Max Pacioretty has been with the Canadiens since 2008 and seen plenty of games, but none of them top Monday’s big 4-0 win over Boston in Game 6 of their second-round series.
“It was definitely the first time in this series that we controlled the pace of the game,” Pacioretty said, per the Montreal Gazette. “That’s the best I’ve seen this team play — ever — since I started wearing this uniform.
“When you use our speed it’s so frustrating for a team to play against us.”
The Habs certainly looked the faster team in Game 6, and Pacioretty had plenty to do with that. The NHL’s fourth-leading goalscorer this year — with 39 — Pacioretty failed to find the back of the net once in the first five games of the series and had come under fire for his lack of production, especially since he was a virtual non-factor in last year’s opening-round loss to Ottawa and had just two points in this year’s Round 1 sweep of Tampa Bay.
Tonight, though, “Patch” broke through.
The most telling example of his improved play — and Montreal’s speed, too — came on his goal, when he outraced Zdeno Chara for a loose puck:
Following the game, Pacioretty decided to have a little fun at the media’s expense. He, along with teammate P.K. Subban, sounded both excited and supremely confident heading into Wednesday’s Game 7 in Boston, and Pacioretty opted to express that to reporters.
“I read every article written about me and it taught me how to score,” Pacioretty said. “That was the difference tonight.”
Pavel Zacha was this close to making his NHL debut.
Just days prior to opening their season against the Jets, the Devils returned Zacha — the sixth overall pick at this year’s draft — back to his junior club in OHL Sarnia.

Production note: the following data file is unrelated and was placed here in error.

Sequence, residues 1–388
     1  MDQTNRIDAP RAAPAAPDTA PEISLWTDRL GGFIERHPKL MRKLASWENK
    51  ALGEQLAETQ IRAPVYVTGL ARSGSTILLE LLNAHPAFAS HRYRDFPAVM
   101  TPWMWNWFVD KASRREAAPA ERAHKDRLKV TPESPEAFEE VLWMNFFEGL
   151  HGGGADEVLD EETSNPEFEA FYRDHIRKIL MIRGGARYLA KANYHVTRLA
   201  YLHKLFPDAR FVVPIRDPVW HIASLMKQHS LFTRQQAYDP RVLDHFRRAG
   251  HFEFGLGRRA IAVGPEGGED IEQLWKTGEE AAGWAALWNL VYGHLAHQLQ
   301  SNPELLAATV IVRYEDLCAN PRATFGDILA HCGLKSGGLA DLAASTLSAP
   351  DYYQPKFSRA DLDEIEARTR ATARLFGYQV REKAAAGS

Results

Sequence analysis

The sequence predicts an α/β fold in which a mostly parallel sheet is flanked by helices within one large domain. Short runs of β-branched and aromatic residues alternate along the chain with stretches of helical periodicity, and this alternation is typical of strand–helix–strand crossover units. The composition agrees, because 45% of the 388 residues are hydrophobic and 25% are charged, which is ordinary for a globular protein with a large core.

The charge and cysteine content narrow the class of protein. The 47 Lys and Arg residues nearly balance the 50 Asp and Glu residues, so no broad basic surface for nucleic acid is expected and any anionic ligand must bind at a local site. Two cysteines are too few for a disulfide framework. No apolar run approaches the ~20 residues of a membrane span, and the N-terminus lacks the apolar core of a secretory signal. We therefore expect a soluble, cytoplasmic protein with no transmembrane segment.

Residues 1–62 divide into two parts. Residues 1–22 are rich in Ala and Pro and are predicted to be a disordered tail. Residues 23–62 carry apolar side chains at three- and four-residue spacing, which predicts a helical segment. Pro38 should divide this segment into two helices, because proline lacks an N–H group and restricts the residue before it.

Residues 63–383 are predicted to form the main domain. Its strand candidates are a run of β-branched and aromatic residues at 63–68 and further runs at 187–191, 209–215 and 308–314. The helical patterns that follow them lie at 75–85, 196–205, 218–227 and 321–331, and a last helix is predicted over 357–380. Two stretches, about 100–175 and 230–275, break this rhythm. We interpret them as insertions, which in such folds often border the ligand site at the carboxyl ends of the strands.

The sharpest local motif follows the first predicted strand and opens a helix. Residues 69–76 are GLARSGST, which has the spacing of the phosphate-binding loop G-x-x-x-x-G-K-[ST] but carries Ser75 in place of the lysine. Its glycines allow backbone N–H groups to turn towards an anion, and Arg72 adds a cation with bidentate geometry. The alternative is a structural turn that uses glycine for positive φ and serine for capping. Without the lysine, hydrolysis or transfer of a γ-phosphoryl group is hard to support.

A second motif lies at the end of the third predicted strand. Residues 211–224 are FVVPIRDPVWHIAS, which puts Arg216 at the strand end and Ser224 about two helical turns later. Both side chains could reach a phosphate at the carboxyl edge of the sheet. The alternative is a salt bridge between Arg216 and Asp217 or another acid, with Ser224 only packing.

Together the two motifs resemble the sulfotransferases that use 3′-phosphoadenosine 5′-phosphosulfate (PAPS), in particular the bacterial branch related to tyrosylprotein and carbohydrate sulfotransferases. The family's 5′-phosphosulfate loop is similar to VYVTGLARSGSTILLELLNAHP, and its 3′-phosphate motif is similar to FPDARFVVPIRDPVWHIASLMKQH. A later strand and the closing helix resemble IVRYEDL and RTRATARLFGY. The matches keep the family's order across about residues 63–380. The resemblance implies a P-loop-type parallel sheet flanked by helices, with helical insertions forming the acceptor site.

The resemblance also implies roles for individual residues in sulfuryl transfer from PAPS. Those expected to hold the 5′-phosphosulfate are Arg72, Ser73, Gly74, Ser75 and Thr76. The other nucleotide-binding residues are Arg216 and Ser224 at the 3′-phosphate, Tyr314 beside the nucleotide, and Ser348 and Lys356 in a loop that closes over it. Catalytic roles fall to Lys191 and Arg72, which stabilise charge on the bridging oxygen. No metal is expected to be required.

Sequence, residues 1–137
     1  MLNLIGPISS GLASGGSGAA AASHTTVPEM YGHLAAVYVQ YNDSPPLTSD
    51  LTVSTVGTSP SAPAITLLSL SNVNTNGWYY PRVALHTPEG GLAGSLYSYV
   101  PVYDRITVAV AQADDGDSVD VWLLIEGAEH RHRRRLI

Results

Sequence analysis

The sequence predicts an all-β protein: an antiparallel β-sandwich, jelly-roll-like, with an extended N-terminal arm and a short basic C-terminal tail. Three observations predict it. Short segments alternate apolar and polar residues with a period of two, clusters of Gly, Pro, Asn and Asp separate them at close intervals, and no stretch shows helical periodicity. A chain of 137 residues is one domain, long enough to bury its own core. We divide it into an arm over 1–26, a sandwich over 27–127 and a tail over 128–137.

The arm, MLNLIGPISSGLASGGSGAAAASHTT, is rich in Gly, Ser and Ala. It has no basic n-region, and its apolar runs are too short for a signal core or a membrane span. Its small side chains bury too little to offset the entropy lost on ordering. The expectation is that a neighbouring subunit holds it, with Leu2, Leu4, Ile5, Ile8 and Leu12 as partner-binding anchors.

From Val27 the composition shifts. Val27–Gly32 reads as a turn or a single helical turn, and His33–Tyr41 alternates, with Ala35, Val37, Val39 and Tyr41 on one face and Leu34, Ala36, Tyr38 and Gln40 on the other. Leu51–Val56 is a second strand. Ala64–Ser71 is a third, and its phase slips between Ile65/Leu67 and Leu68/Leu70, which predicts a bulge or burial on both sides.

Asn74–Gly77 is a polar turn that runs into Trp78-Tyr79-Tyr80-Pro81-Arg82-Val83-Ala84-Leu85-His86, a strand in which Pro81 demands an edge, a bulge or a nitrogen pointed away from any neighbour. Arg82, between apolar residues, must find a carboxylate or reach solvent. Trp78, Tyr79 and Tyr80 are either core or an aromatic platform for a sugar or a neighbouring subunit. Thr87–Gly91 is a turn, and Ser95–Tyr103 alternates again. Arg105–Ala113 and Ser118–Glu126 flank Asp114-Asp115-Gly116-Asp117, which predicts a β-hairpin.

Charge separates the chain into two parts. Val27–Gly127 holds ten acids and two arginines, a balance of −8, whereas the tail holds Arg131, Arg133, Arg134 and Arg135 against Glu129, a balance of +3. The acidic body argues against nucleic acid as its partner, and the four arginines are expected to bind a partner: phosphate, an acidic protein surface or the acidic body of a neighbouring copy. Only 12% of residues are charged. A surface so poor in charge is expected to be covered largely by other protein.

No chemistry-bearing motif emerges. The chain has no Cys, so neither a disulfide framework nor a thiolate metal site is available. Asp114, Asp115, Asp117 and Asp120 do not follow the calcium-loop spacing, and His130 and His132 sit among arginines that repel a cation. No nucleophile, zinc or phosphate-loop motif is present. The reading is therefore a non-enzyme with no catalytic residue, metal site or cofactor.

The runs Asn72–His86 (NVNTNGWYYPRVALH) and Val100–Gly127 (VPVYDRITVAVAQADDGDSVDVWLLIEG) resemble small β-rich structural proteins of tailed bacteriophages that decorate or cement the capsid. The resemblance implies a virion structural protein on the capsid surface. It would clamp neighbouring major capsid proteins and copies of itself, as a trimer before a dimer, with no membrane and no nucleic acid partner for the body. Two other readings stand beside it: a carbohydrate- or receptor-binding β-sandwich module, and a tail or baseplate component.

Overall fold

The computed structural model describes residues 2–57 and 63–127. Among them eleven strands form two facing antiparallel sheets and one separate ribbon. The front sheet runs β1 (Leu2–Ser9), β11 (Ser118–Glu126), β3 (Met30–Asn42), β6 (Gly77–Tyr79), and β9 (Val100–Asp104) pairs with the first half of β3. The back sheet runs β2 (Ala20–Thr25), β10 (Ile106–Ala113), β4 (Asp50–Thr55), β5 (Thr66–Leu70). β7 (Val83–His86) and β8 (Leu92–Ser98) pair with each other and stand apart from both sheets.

The move comes after Zacha, 18, impressed throughout training camp and the preseason. He appeared in four exhibition games for New Jersey, scoring one point while endearing himself to the organizational brass, coaching staff and players.
“He understands the game. He plays with a maturity. It’s crazy to think an 18-year-old coming out of high school is up here and playing with the maturity and understanding of the game with the new system,” Kyle Palmieri told NJ.com. “I think he’s got a lot of raw talent there as a power forward. He’s got the body for it, the puck-handling skills and the nose for the net.”
At 6-foot-3 and 210 pounds, Zacha has the frame and physical stature to play at the NHL level, and looked the part for long stretches of the exhibition season, getting turns on New Jersey’s top line.
The decision to send him back to junior is probably the right one, however.
Zacha only turned 18 in April and has limited experience even at the OHL level; ’14-15 was his first year with Sarnia, though he did appear in 38 Czech League games (for Liberec) the season prior.
There’s another Raffl in the NHL.
On Tuesday, the Jets announced that Thomas Raffl — the older brother of Flyers forward Michael Raffl — has signed a one-year, one-way deal worth $575,000.
Raffl, 29, was in Winnipeg’s camp on a PTO after a lengthy career in Europe. He spent time playing in Sweden and his native Austria, most recently with powerhouse EC Red Bull Salzburg — last year, Raffl scored 53 points in 52 games for Salzburg and three in seven games for Austria while serving as team captain at the World Hockey Championships.
“We would like to recognize and express our appreciation to the EC Red Bull Salzburg organization for allowing Thomas and the Winnipeg Jets this opportunity,” Jets GM Kevin Cheveldayoff said in a statement.
With the Jets, Raffl projects to play in the bottom-six forward group, where he can utilize his 6-foot-4, 215-pound frame in a checking-slash-energy role.
For now, though, he’ll start out with the club’s AHL affiliate in Manitoba.